How say they that the Ho is wide,
    When I could ford it if I tried? 
    How say they Sung is far away,   
    When I can see it every day?     

    Yet must indeed the Ho be deep,
    When I have never dared the leap;
    And since I am content to stay,  
    Sung must indeed be far away.    
    (– / –)

     
  × Three Cups

    You've two score, three score years before you yet,
    And at the end of them your day is done.
    A thousand plans you have before you set;  
    Is it worth while to weary over one?    

    Now, when the gods have made an idle day,
    Take it, and let the idle hours go by;
    And when the gods three cups before you lay,
    Lift them, and drain them dry.
    (– / –)


  × The Parrot

    The parrot sits
    Upon his perch,
    Wrapped in gloomy thought,
    And dreams
    Of his distant home.
    His wings of brightest blue
    Are clipped;
    From his red beak
    Come words of wisdom.
    Will they never, never
    Unlatch his cage,
    And set him free once more?
    Impatient, in anger,
    He claws and tears at his perch,
    To which he has clung
    So long.
    Will the world of men
    Not pity him,
    And the freedom he has lost?
    Of what use to him in prison
    Is his coat of wondrous hue?
    (Tu Fu)


  × The Fireflies

    At Wu Shan, of an autumn night,
    The fireflies come flitting
    Through the curtains
    Into my room,
    And flutter on my garments.
    So warm they seem
    That my lute and book
    Are chill to my touch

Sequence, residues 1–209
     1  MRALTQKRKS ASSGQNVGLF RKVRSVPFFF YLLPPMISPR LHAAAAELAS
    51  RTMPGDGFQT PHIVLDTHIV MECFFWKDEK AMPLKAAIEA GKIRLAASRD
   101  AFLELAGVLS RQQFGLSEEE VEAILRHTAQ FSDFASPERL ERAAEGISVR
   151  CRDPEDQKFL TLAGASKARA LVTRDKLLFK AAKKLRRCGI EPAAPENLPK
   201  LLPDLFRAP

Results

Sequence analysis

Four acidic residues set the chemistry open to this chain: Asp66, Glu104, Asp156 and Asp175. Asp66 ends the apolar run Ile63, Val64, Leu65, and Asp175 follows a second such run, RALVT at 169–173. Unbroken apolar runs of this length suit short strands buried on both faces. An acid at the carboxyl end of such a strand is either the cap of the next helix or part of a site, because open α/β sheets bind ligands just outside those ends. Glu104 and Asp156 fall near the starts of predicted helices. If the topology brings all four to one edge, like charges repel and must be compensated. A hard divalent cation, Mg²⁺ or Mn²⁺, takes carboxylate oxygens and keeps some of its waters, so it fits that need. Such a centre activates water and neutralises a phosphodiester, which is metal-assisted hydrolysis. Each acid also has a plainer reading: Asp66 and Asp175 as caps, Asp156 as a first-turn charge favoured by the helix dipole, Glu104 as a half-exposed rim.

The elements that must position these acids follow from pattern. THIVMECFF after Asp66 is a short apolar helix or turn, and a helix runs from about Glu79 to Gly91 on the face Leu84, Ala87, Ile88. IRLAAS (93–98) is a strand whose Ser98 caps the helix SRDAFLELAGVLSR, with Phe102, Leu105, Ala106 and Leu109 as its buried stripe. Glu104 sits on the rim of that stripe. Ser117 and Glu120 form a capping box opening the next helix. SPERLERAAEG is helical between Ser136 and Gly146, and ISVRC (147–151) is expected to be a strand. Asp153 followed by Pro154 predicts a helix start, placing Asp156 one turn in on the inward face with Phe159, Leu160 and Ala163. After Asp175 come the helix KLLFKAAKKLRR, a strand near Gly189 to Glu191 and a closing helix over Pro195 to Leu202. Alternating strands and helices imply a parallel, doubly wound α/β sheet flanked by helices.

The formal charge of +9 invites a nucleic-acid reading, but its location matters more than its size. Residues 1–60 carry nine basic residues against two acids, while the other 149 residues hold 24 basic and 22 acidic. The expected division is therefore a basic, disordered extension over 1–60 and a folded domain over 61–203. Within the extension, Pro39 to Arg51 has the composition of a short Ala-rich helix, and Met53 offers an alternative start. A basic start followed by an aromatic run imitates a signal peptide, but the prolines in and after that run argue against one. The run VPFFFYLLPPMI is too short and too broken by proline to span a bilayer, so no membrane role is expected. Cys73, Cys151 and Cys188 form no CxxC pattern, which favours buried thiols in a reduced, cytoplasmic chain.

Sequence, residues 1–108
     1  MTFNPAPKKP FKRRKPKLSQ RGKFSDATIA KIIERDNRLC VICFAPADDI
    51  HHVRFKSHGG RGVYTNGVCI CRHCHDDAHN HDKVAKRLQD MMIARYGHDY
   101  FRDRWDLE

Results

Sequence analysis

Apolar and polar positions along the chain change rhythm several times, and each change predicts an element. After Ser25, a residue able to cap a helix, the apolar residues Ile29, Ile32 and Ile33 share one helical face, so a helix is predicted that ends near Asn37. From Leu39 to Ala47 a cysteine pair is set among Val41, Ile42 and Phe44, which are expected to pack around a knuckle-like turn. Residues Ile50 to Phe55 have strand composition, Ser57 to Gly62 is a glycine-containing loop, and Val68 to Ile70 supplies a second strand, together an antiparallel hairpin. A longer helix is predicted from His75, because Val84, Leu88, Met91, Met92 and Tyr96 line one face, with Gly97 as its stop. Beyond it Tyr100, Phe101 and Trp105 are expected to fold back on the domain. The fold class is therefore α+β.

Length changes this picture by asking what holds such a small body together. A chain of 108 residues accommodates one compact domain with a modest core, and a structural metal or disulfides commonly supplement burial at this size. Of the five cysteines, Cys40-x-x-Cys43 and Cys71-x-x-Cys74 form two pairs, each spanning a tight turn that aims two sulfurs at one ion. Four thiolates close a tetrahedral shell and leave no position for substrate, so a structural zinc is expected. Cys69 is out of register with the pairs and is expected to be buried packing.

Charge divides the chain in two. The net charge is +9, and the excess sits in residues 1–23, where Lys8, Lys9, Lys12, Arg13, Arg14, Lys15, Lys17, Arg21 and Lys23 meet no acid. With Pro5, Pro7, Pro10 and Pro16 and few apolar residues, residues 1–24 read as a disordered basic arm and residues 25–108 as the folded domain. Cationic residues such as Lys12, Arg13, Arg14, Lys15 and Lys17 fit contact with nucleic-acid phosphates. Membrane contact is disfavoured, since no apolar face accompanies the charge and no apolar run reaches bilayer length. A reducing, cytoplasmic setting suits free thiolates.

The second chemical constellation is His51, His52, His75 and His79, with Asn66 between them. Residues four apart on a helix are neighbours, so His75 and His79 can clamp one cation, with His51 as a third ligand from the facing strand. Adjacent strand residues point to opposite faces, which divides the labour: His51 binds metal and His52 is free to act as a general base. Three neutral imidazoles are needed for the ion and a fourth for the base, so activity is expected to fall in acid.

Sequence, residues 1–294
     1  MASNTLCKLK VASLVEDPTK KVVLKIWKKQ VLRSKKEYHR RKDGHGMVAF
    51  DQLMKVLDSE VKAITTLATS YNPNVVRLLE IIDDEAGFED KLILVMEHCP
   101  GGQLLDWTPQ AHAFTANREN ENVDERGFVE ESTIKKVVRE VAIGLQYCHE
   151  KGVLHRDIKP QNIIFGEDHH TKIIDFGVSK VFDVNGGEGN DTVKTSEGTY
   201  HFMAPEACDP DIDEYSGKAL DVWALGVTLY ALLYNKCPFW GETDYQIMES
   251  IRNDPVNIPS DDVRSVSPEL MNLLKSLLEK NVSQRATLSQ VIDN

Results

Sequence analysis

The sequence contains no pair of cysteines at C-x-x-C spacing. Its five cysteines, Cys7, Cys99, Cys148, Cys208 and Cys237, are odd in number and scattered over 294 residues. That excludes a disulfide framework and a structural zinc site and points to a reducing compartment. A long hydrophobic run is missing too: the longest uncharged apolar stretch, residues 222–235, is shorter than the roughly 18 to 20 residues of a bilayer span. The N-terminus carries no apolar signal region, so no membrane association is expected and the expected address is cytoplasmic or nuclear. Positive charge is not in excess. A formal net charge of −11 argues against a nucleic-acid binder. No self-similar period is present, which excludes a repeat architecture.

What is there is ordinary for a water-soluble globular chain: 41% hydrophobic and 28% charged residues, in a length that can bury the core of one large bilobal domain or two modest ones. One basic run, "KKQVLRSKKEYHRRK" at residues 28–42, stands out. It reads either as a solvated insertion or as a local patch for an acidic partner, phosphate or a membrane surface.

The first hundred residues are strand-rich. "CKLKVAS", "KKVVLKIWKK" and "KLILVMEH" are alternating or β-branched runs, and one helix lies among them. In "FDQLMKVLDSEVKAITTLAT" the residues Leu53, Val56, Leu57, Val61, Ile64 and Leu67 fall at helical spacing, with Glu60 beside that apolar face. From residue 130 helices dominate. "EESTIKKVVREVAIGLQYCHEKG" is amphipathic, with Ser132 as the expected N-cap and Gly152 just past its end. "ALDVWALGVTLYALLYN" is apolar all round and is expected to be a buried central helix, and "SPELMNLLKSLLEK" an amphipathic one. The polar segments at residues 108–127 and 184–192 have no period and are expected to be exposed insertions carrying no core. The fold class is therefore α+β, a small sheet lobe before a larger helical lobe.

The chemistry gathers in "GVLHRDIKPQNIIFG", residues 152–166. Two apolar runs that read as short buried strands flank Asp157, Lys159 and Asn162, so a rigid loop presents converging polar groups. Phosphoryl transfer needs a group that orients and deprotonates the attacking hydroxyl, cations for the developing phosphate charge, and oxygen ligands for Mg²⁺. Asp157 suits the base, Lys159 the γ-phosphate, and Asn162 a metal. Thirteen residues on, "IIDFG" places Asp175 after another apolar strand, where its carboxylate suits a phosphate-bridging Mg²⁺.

In the dark.
    They settle on the walls and eaves,
    And my room is agleam as if with stars.
    They circle round the courtyard,
    And, in clusters,
    Cling to the old stone well-curb.
    They enter the flowers
    And make of each a tiny, glowing jewel.
    I stand, an old, white-haired man,
    By the broad Yang Tze,
    And watch you, little fireflies,
    And wonder if, when next year comes,
    I shall be here to greet you.
    (Tu Fu)         


Indian Lyrics

  × She needeth no instruction in the art
    Of using woman's wiles to win man's heart:
    The lily's scarlet stamens grew untaught,
    The bee came freely, wishing to be caught.
    (Bhartrihari / Brough)


  × In former days we'd both agree
    That you were me, and I was you.
    What has now happened to us two,
    That you are you, and I am me?
    (Bhartrihari / Brough)


  × Love goes a-fishing with the rod Desire,
    Baiting his hook with Woman for delight.
    Attracted by the flesh, the men-fish bite.
    He hauls them in and cooks them in his fire.
    (Bhartrihari / Brough)


  × You are pale, friend moon, and do not sleep at night,
    And day by day you waste away.
    Can it be that you also
    Think only of her, as I do?
    (– / Brough)


  × The moon tries every month in vain
    To paint a picture of your face;
    And, having failed to catch its grace,
    Destroys the work, and starts again.
    (– / Brough)


  × All men alike have suffered theft:
    If a man sees her, she will steal his heart;
    Yet, if he sees her not, what has he left
    Worth looking at?
    (– / Brough)


  × Although I have a lamp, and fire,
    Stars, moon, and sun to give me light,
    Unless I look into her eyes,